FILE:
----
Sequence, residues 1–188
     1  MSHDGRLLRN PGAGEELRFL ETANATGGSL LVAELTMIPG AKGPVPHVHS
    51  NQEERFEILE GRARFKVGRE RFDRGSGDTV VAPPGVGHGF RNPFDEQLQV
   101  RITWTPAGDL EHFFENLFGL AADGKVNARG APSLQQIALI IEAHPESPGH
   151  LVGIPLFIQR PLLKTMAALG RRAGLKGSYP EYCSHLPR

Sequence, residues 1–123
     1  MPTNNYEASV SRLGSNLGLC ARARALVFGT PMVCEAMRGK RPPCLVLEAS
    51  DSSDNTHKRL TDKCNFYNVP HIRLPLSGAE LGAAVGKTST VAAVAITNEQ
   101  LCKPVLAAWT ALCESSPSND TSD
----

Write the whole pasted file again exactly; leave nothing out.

Sequence, residues 1–188
     1  MSHDGRLLRN PGAGEELRFL ETANATGGSL LVAELTMIPG AKGPVPHVHS
    51  NQEERFEILE GRARFKVGRE RFDRGSGDTV VAPPGVGHGF RNPFDEQLQV
   101  RITWTPAGDL EHFFENLFGL AADGKVNARG APSLQQIALI IEAHPESPGH
   151  LVGIPLFIQR PLLKTMAALG RRAGLKGSYP EYCSHLPR

Sequence, residues 1–123
     1  MPTNNYEASV SRLGSNLGLC ARARALVFGT PMVCEAMRGK RPPCLVLEAS
    51  DSSDNTHKRL TDKCNFYNVP HIRLPLSGAE LGAAVGKTST VAAVAITNEQ
   101  LCKPVLAAWT ALCESSPSND TSD